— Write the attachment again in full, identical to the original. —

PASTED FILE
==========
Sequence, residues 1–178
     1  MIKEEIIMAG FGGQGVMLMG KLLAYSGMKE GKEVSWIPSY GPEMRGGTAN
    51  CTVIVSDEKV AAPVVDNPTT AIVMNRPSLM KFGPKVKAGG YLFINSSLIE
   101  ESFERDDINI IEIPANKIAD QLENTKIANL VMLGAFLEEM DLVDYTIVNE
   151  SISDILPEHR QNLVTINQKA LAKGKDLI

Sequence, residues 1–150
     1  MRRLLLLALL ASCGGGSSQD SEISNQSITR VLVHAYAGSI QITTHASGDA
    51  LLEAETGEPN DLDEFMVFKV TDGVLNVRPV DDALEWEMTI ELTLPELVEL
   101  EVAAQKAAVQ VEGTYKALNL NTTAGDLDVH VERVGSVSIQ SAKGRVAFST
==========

Sequence, residues 1–178
     1  MIKEEIIMAG FGGQGVMLMG KLLAYSGMKE GKEVSWIPSY GPEMRGGTAN
    51  CTVIVSDEKV AAPVVDNPTT AIVMNRPSLM KFGPKVKAGG YLFINSSLIE
   101  ESFERDDINI IEIPANKIAD QLENTKIANL VMLGAFLEEM DLVDYTIVNE
   151  SISDILPEHR QNLVTINQKA LAKGKDLI

Sequence, residues 1–150
     1  MRRLLLLALL ASCGGGSSQD SEISNQSITR VLVHAYAGSI QITTHASGDA
    51  LLEAETGEPN DLDEFMVFKV TDGVLNVRPV DDALEWEMTI ELTLPELVEL
   101  EVAAQKAAVQ VEGTYKALNL NTTAGDLDVH VERVGSVSIQ SAKGRVAFST